Jim Jones At Botany Bay
Most transportation songs are full of remorse and contrition, but the convict of this ballad, Jim Jones, carries bitter scars and, in the last verse, takes solace in the possibility of revenge. Language can only give a pale imitation of the grisly reality of blood-soaked flesh being lashed away by a cat-o-nine-tails whip, or some other hideous punishment. Despite the terrible pain, some men took pride in uttering no sound during the flagellation and referred to their flogging as ‘getting a present of a new red shirt’. I have always been amused by the reference to ‘pirates’ and why on earth they would want to attack a convict ship. This song first came to light when it was included in Old Pioneering Days of the Sunny South (1907 Goulburn) by Charles MacAlister, and included in the Stewart & Keesing edition of Old Bush Songs (1957). The tune is Irish Molly-Oh.
Warren Fahey (accompanied on concertina) sings ‘Jim Jones At Botany Bay’
Captain William Hill, commanding guard in a Second Fleet ship.
The slave trade is merciful compared with what I have seen in this fleet; in that it is in the interests of the masters to preserve the health and lives of their captives, they having a joint benefit with the owners; in this, the more they can withhold from the unhappy wretches the more provisions they have to dispose of at a foreign market, and the earlier in the voyage they die the longer they can draw the deceased’s allowance to themselves; for I fear few of them are honest enough to make a just return of the dates of their deaths to their employers. My feelings never have been so wounded as m this voyage, so much so, that I shall never recover my accustomed vivacity and spirits; and had I been em-powered, it would have been the most grateful task of my life to have prevented so many of my fellow creatures so much misery and death.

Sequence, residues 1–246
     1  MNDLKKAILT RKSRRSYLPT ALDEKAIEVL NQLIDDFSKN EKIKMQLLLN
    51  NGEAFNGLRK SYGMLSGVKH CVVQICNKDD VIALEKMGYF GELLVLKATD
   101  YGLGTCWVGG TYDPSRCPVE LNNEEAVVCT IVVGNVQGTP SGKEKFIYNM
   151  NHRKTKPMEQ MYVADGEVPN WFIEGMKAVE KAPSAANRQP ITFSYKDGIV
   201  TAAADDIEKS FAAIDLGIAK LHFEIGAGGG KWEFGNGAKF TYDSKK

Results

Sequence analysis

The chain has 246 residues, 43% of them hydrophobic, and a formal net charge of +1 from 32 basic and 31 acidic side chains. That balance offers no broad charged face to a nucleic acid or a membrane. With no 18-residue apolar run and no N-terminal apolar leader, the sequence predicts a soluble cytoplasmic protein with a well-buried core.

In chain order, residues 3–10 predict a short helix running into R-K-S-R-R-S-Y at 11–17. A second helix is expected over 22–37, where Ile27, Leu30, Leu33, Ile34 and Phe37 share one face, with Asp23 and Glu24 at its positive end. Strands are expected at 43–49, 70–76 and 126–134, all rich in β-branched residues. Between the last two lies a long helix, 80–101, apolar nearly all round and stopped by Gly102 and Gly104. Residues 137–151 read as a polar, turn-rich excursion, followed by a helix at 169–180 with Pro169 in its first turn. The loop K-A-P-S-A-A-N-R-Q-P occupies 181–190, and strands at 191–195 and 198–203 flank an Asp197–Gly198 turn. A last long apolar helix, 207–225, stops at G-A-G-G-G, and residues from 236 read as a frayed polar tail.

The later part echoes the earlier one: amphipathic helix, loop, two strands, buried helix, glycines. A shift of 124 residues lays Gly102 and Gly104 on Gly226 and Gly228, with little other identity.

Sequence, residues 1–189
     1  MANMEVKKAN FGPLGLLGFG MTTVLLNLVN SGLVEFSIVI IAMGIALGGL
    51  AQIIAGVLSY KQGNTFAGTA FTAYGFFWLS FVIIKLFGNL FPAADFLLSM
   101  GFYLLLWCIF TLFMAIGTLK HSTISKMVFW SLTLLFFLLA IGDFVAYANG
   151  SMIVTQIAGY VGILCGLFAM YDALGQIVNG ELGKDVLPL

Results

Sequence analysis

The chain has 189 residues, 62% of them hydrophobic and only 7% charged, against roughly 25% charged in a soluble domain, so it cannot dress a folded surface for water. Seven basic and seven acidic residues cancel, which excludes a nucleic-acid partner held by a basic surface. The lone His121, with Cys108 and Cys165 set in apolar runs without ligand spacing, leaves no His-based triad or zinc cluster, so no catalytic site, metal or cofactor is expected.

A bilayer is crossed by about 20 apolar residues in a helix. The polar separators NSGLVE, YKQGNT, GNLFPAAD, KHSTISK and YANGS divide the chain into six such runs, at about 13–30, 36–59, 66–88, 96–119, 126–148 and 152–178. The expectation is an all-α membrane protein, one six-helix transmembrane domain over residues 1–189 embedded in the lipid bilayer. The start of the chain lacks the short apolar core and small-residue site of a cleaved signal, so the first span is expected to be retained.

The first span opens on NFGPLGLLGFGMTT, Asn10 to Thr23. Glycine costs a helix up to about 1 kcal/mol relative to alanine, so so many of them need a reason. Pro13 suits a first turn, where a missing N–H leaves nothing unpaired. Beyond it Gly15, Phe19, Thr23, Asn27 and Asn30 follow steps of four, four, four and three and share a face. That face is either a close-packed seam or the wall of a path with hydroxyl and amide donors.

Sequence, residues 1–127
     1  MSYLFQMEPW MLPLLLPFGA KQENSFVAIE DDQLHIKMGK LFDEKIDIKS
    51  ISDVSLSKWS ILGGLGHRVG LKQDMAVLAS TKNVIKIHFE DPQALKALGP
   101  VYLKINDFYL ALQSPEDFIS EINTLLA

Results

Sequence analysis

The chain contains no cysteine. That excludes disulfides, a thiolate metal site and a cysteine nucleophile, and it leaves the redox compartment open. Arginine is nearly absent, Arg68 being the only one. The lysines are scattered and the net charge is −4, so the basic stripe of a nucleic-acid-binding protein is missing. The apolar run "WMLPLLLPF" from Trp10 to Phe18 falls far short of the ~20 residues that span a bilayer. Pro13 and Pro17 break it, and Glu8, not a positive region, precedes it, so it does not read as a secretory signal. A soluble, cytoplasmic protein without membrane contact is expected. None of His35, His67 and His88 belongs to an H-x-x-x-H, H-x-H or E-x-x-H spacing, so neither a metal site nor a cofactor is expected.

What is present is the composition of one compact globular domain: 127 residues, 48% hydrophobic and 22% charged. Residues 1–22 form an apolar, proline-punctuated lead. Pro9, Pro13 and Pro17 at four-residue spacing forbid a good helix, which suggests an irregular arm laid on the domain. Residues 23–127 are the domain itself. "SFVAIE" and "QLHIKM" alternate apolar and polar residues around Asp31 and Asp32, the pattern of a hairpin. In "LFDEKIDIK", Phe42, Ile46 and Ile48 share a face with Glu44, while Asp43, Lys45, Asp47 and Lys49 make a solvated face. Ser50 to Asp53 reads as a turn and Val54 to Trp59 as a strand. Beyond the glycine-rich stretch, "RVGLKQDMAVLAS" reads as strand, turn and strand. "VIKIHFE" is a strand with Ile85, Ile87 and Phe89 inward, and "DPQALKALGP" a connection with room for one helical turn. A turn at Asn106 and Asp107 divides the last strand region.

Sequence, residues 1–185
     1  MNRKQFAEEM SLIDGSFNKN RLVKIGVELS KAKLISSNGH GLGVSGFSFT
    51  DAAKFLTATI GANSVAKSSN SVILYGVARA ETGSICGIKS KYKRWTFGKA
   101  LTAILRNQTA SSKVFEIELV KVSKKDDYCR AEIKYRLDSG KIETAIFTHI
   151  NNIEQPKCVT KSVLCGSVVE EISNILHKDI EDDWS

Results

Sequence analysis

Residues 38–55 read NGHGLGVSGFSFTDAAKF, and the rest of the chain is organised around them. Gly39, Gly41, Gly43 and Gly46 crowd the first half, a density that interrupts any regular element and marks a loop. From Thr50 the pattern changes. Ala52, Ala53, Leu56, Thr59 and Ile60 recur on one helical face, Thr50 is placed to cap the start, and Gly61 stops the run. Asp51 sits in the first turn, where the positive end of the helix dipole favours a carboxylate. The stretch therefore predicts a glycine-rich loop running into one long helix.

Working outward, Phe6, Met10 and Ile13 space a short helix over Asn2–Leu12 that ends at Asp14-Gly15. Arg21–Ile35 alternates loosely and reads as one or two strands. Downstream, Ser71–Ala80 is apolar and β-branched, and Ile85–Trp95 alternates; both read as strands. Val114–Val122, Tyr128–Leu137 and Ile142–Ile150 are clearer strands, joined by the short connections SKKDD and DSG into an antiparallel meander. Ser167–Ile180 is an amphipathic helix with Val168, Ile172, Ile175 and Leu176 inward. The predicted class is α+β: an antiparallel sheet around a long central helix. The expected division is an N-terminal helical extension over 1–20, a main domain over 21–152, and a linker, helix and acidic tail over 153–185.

The Melancholy Fate of Captain Logan.
Along with Port Arthur and Norfolk Island, Queensland’s Moreton Bay was feared for its harsh treatment of convicts. Under the command of Captain Patrick Logan from 1826, the death rate ran higher than one man in ten each year, no questions asked. This powerful song celebrates the death of Logan when speared by hostile Aborigines while he was exploring and surveying the Upper Brisbane River, in 1830. It was considered a fitting death for the monster of Moreton Bay. It is noted as ‘anonymous’ although usually ascribed to Francis Macnamara (Frank the Poet). The Queensland Centenary Songbook (1959), published this version as ‘Moreton Bay’ attributed to W.Bowden, Wide Bay, citing ‘Youghal Bay’ as the tune. It appeared to be based on Will Lawson’s version in Australian Bush Songs and Ballads (1944) as ‘The Convict’s Lament’. Lawson noted ‘The Manuscript of this rugged rhyme was secured by me in Queensland in August, 1916, from Jas. R. Scott (Deputy Coroner, Cessnock, and a collector of early Australiana’). The song was taken from a letter from Captain Clunie to the Colonial Secretary and published in the Sydney Gazette of 25 November 1830. The original is in the Mitchell Library collection, Sydney.
Warren Fahey sings ‘The Melancholy Fate of Captain Logan at Moreton Bay
Broadside Sutton. nd circa 1852.
I was born in the year 1832, on the 17th day of June, and I am the eldest daughter of John Collins. My parents reared me in a proper and upright manner until I was 12 years of age, when they then sent me to a cotton factory to learn steam loom weaving.
I was jilted in love, forced to the streets and eventually found guilty of theft. I received the sentence of 10 years transportation to New South Wales, where I have been for about 4 years.
After we landed we were conveyed to the factory for female convicts. I was taken by a respectable family as a servant, and remained in their service until 1851. During that time they very kind to me and I only left through the death of the master. I was then turned over to another master, a very cruel man, indeed I cannot describe the hardships I endured under him. I being fed on the coarsest provisions, and compelled to work more like a horse that a human being.